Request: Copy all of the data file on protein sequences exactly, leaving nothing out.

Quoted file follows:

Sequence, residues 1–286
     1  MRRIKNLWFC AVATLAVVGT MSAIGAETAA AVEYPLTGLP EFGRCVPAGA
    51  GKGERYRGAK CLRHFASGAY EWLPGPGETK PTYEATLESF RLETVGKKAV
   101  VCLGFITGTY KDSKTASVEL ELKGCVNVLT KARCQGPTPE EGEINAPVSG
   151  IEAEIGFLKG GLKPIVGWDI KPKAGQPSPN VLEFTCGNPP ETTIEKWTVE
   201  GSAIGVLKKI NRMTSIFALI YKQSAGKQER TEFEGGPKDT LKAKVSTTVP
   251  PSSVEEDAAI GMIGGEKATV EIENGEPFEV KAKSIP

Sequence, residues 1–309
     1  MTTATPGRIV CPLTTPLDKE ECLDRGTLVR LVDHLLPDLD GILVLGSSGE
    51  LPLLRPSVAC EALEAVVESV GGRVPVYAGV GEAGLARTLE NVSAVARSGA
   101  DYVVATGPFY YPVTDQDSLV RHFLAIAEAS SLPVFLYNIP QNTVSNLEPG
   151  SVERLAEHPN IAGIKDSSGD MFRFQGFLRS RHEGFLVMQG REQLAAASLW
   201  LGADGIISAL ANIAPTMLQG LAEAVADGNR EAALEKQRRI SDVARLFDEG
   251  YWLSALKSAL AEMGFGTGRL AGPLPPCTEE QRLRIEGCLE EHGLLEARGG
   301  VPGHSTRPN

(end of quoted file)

Sequence, residues 1–286
     1  MRRIKNLWFC AVATLAVVGT MSAIGAETAA AVEYPLTGLP EFGRCVPAGA
    51  GKGERYRGAK CLRHFASGAY EWLPGPGETK PTYEATLESF RLETVGKKAV
   101  VCLGFITGTY KDSKTASVEL ELKGCVNVLT KARCQGPTPE EGEINAPVSG
   151  IEAEIGFLKG GLKPIVGWDI KPKAGQPSPN VLEFTCGNPP ETTIEKWTVE
   201  GSAIGVLKKI NRMTSIFALI YKQSAGKQER TEFEGGPKDT LKAKVSTTVP
   251  PSSVEEDAAI GMIGGEKATV EIENGEPFEV KAKSIP

Sequence, residues 1–309
     1  MTTATPGRIV CPLTTPLDKE ECLDRGTLVR LVDHLLPDLD GILVLGSSGE
    51  LPLLRPSVAC EALEAVVESV GGRVPVYAGV GEAGLARTLE NVSAVARSGA
   101  DYVVATGPFY YPVTDQDSLV RHFLAIAEAS SLPVFLYNIP QNTVSNLEPG
   151  SVERLAEHPN IAGIKDSSGD MFRFQGFLRS RHEGFLVMQG REQLAAASLW
   201  LGADGIISAL ANIAPTMLQG LAEAVADGNR EAALEKQRRI SDVARLFDEG
   251  YWLSALKSAL AEMGFGTGRL AGPLPPCTEE QRLRIEGCLE EHGLLEARGG
   301  VPGHSTRPN